Thursday, January 03, 2019

The War on Cars Is Real, and It's Being Led by Cities: Congestion pricing is just one way cities are actively engaged in reducing the number of cars and the amount of driving. (Car and Driver)

Car and Driver features editor Jeff Sabatini should come to St. Augustine, Florida, where our Nation's Oldest City is smeared, bleared and teared by cars, a cut-through city being destroyed by too many cars.  Ironically Our Town was once saved by investments by hotelier, railroader and Standard Oil monopolist Henry Morrison Flagler (whose Big Oil company fueled the internal combustion engine).

I hope St. Augustine institutes whatever legal, constitutional mobility limitations on eighteen wheelers and cut-through traffic that can yield fewer cars and greater happiness for residents, businesses and tourists.

Full disclosure: I am one of the "carless."  Never had a driver's license.

Do Sabatini's views seem just a tad overwrought, starting with the histrionic headline (WAR on cars)?

He is right -- cities are trying to solve car-related problems, to wit, congestion.

His last paragraph is accurate -- by limiting cut-through traffic -- perhaps 1/4 of all cars crossing our historic Bridge of Lions -- we can make driving more pleasant for the rest of us.

From Car and Driver:



The War on Cars Is Real, and It's Being Led by Cities

Congestion pricing is just one way cities are actively engaged in reducing the number of cars and the amount of driving.


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Pat Perry
When they come for our cars," imagined the founding fathers of this magazine, "Big Government will be behind it." This stood to reason, as that was the case with safety mandates, emissions regulations, and the double-nickel era, the policy triumvirate that so riled the libertarian spirit of this institution in years past.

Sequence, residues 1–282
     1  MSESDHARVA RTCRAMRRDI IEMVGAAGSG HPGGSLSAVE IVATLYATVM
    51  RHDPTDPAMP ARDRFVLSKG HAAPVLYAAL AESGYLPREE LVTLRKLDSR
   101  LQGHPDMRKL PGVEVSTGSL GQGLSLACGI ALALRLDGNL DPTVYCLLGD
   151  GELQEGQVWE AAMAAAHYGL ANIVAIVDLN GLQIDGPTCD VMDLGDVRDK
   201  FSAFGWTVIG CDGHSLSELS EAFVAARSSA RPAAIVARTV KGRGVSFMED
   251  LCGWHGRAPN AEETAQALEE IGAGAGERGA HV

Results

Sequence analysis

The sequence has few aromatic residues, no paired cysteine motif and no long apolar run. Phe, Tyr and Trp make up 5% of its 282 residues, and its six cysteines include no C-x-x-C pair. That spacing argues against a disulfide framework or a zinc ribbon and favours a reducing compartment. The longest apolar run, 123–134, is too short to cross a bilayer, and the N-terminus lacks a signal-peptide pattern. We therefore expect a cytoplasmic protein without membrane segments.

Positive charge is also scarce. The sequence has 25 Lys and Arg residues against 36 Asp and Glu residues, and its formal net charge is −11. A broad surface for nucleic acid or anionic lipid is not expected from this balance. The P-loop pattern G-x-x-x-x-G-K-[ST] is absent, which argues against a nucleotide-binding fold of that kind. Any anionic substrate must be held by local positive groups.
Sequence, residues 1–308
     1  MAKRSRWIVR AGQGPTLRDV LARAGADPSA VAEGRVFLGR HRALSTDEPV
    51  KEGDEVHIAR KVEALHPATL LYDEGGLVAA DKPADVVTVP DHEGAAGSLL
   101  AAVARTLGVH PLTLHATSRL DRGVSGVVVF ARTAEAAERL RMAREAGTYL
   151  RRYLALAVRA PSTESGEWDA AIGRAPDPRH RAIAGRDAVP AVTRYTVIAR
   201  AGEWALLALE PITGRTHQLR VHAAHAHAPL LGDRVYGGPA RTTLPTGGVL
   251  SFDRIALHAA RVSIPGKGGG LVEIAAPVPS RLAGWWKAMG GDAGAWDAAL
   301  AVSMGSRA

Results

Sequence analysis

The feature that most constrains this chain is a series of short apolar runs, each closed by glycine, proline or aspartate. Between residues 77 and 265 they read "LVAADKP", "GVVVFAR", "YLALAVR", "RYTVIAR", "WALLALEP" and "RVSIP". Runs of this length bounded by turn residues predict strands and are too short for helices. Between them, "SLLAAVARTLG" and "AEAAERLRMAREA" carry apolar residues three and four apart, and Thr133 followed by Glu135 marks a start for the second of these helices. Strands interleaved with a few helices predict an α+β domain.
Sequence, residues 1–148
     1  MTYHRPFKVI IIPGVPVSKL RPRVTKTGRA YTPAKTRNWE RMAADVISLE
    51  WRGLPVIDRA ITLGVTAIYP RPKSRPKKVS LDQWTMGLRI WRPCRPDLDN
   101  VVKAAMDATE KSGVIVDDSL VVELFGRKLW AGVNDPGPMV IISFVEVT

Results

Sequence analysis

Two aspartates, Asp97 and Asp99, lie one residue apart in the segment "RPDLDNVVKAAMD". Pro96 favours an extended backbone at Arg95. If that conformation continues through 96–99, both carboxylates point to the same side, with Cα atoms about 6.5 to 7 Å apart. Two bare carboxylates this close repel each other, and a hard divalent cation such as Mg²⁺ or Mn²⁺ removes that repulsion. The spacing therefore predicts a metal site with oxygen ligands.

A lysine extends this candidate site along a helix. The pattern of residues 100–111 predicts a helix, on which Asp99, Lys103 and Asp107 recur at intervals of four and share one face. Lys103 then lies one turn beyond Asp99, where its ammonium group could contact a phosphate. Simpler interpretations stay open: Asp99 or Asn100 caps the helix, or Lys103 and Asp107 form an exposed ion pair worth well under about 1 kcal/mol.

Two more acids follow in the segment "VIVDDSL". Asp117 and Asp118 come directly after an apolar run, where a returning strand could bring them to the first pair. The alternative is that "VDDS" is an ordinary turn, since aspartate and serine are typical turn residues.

Short of an outright ban, the feds, aided and abetted by the bureaucracies of certain states, would most certainly continue their overreach, eventually all but proscribing the car via requirements too onerous to meet. Uncle Sam's safety nannies, fuel-economy standards, and untenable restrictions on the very act of driving itself would make new cars so dull, slow, and expensive that we would welcome riding the bus. Or so we thought.
This is not how the war on cars is playing out. City governments are the ones taking the lead in creating policies to curtail automobile use in response to congestion and pollution. There are taxes, restrictions, and prohibitions, of course, yet other policies on road design, speed limits, and parking are being devised to entice city dwellers to opt out of car ownership all on their own. At least that is the hope.
Seattle Rides Economic Boom
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Driving up Interstate 5 through Washington State, the traffic starts to build by the time you get to the capital city of Olympia. There are still 65 miles to go until Seattle, and the car crunch of Puget Sound only intensifies as you travel farther north. By Tacoma, it is crawling along, bumper to bumper much of the time. If it were not for the stands of conifers and other greenery along the roadside, it would feel like Los Angeles.
Of course, L.A. has the worst traffic in the world, according to the INRIX 2017 Global Traffic Scorecard; Seattle ranks ninth in the U.S. But in nearby Everett, a bedroom community 25 miles north of downtown, commuters face the highest peak-congestion rate in the country. And traffic is getting worse: In its most recent assessment of the state's highway system, the Washington State Department of Transportation said that congestion in the area rose 22 percent between 2014 and 2016. When it comes to making Seattleites edgy, traffic is more effective than a venti Starbucks. And it makes them motivated to tackle the problem.
In growing cities around the globe, it is a familiar one: too many cars. According to the Seattle Times, among big cities, Seattle has the most cars per capita in the U.S. Traffic jams are just part of the dilemma. Passenger vehicles account for half of Seattle's greenhouse-gas emissions, which the city has pledged to reduce in accordance with the Paris Climate Agreement. To meet its 2030 target, Seattle needs to cut transportation emissions by 82 percent, vehicle miles by 20, and emissions per mile by 75, all from 2008 levels. So Seattle is trying to alleviate its overabundance of cars through public-policy changes.